The team of researchers led by KU Leuven published their findings in Science Advances.

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The stratosphere isn’t even supposed to have clouds…

Spaceweather.com

Jan. 1, 2020: A spectacular display of polar stratospheric clouds (PSCs) that began two days ago is still going strong around the Arctic Circle. This picture, taken on Dec. 31st by Per-Anders Gustavsson in Jukkasjärvi, Sweden, shows why some onlookers mistake them for daytime auroras:

psc_icehotel

“The colors were amazing,” says Gustavsson, who drives a tour bus for Visit Abisko. “I was driving by the world-famous Ice Hotel when we saw the clouds. We just had to stop for pictures.”

“I’ve seen a lot of beautiful things during my years in the Arctic,” he adds. “This was easily one of the greatest displays I have ever seen.”

Polar stratospheric clouds are newsworthy because normally the stratosphere has no clouds at all. The stratosphere is arid and almost always transparent. Only when the temperature drops to a staggeringly cold -85C can sparse water molecules assemble themselves into icy stratospheric clouds. PSCs…

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Image credit: steelguru.com


Guess who ends up paying that bill? National Grid may yet be broken up as the inquest into the fiasco goes on, and a vague comment says wind power needs to be ‘more secure’.

Three energy firms are to pay a total of £10.5m following August’s power cut that left over a million people without electricity and caused travel chaos, reports BBC News.

Although the power cut lasted for less than an hour, it affected homes, businesses and hospitals, while rail services were disrupted for days.

RWE Generation, Orstead and UK Power Networks will pay into a redress fund run by the UK’s energy watchdog, Ofgem.

Ofgem says it will continue to look into the role National Grid played.

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‘Carbon’ means the harmless but vital trace gas carbon dioxide, of course. By showing fake climate virtue they may be hoping to keep hot-headed climate protesters off their backs, while selling a few more tickets to gullible travellers.

The boss of British Airways has declared “our future has to be sustainable” as the airline begins offsetting carbon emissions from domestic flights, reports ITV News.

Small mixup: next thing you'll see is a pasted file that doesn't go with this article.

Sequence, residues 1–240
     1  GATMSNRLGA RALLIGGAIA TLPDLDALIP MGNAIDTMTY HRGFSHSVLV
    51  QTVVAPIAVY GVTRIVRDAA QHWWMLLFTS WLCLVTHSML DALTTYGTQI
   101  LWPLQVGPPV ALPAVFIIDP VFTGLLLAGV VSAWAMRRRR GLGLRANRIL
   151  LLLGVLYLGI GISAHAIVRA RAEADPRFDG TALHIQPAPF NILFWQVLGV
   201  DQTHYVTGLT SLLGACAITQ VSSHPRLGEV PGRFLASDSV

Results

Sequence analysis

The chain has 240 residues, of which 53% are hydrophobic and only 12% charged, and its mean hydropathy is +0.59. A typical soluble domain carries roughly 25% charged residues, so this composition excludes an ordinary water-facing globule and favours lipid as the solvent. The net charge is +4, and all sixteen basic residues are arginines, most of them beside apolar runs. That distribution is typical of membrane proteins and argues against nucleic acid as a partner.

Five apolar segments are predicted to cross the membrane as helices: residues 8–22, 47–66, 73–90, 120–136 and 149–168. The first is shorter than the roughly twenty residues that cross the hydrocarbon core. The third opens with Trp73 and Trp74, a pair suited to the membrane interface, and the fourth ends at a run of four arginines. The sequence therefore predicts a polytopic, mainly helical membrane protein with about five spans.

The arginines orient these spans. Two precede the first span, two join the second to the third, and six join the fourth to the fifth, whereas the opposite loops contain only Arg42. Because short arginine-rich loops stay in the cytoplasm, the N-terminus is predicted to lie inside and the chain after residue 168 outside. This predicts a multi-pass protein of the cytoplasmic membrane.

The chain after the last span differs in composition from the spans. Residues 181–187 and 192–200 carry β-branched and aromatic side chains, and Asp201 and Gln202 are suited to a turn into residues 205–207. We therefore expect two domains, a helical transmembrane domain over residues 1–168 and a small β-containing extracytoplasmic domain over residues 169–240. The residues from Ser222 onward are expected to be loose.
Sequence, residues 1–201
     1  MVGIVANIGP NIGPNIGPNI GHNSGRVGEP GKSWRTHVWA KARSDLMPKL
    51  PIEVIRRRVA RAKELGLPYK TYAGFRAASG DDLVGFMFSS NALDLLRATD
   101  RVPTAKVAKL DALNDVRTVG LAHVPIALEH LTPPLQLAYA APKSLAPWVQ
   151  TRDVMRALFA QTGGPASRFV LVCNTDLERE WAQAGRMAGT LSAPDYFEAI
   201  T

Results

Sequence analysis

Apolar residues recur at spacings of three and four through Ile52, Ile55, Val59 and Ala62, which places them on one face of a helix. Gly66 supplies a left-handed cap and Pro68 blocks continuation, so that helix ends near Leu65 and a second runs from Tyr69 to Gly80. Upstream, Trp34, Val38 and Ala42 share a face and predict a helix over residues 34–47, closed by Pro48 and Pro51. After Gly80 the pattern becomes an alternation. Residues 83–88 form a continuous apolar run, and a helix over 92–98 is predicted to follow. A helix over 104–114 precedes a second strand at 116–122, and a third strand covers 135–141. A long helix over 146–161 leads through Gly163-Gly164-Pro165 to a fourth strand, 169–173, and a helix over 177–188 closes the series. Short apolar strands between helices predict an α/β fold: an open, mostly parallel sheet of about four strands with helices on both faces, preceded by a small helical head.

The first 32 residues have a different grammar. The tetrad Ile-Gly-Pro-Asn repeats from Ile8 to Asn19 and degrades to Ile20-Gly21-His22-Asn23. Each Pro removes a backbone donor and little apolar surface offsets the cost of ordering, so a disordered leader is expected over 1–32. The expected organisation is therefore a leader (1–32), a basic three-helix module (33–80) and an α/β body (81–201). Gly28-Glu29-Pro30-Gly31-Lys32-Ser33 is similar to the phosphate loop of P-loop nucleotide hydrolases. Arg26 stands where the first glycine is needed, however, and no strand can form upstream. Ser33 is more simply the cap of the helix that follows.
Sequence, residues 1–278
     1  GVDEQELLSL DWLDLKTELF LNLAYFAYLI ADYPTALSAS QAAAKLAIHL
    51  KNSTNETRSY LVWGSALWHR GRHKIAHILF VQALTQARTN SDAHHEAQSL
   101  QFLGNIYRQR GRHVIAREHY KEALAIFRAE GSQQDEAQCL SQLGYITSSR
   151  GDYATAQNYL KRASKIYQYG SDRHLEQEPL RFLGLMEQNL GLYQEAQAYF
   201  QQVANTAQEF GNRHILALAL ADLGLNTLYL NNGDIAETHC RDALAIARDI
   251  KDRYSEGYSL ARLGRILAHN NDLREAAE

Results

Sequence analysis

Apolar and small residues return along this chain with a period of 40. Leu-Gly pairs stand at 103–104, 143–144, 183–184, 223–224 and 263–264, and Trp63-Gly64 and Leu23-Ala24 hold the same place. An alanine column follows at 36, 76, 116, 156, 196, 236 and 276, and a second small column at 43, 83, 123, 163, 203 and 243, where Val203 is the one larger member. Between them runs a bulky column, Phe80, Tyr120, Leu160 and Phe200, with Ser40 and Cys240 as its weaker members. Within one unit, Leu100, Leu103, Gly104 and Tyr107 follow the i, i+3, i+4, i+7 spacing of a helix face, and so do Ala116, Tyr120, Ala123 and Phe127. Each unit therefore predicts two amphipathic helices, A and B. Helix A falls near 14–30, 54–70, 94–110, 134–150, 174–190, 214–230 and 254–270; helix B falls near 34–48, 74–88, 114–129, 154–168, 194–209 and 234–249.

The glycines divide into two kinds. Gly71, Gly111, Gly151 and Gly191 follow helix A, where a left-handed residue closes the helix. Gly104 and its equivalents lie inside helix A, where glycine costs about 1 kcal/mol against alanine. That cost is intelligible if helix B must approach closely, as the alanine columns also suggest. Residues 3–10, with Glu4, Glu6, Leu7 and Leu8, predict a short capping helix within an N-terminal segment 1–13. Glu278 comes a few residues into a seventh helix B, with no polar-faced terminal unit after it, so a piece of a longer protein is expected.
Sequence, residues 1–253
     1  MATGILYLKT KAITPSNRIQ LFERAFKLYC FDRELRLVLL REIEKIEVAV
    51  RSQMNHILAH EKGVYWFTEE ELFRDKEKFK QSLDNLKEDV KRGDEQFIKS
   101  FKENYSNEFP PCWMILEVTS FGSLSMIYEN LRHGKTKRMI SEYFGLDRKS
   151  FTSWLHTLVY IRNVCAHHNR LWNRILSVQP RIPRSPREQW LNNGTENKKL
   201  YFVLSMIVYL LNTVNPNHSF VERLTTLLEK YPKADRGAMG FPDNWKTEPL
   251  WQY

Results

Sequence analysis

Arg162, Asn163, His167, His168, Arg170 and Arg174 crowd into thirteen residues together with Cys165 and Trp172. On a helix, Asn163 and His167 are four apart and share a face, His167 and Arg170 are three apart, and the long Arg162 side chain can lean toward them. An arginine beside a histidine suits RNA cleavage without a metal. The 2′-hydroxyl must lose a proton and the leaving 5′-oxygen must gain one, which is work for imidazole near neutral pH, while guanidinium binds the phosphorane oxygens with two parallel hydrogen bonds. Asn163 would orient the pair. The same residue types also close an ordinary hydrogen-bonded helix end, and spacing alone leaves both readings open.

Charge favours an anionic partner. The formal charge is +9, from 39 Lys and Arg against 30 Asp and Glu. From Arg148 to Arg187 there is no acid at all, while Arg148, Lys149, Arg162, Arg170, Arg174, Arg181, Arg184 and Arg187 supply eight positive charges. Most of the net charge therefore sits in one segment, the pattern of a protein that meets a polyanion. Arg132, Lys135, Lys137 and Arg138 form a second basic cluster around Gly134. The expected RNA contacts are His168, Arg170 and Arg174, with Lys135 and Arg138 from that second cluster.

Chief executive Alex Cruz said a “multifaceted response” is required to tackle climate change.

BA is making all its flights within the UK carbon neutral from Wednesday.

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The causes of the foehn effect in the lee of mountains [image credit: Depunity @ Wikipedia]


Foehn (Föhn) winds are an interesting climatic phenomenon that cause rapid temperature changes. They’re well-known in Alpine regions but not so much in the UK.
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The highest ever temperature recorded for the UK this late in the year was early on Sunday morning in the Scottish Highlands, reports LBC News.

A Met Office observation post in Cassley, in Sutherland, north Scotland, recorded a temperature of 16.8C at 3am on Sunday morning – this was well above the average nighttime temperature for that area in late December of zero degrees.

However given how early in the morning the high temperature was recorded, most people would have slept through it.

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The human cost of the EV revolution 

Posted: December 23, 2019 by oldbrew in Legal, News
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Child exploitation claims are casting a large shadow as a new case goes to court. Looking the other way won’t do any more, at least not if these major firms lose the legal argument – which would mean higher product prices. Not what the so-called ‘EV revolution’ needs, with high prices and other issues already deterring buyers.

Cobalt is one of the most important metals in the tech industry, but the use of child labor in cobalt mines in the DRC is a major problem for Big Tech and electric car manufacturers, says OilPrice.com.

There’s a chance that the iPhone you’re about to get for Christmas contains cobalt mined by a six-year-old. There’s also a chance that that six-year-old has been killed or maimed in the processes of mining in the Democratic Republic of Congo, where the lion’s share of the world’s cobalt comes from.

Or, maybe, for those whose Christmas lists are more upscale, you’ll be driving around in a new Tesla next week, with a battery containing cobalt from that same mine.

Our luxuries are necessarily someone else’s sacrifice – and sometimes that sacrifice is the ultimate one.

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Lots of coal in Australia


Evidence that at least one national leader understands that winding down the economy to impress shouty ‘activists’ is not a sensible policy, despite the current emergencies.

Australian PM Scott Morrison says he will not make “reckless” cuts to the nation’s coal industry, despite criticism of his response to climate change and a deadly bushfire crisis.

Australia is being ravaged by bushfires which have killed nine people and razed hundreds of homes since September, reports BBC News.

As the crisis escalated last week, Mr Morrison faced a backlash for deciding to take a family holiday to Hawaii.

On Monday, he reiterated he would not adjust his policies through “panic”.

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Trump turns the screws on Nordstream 2.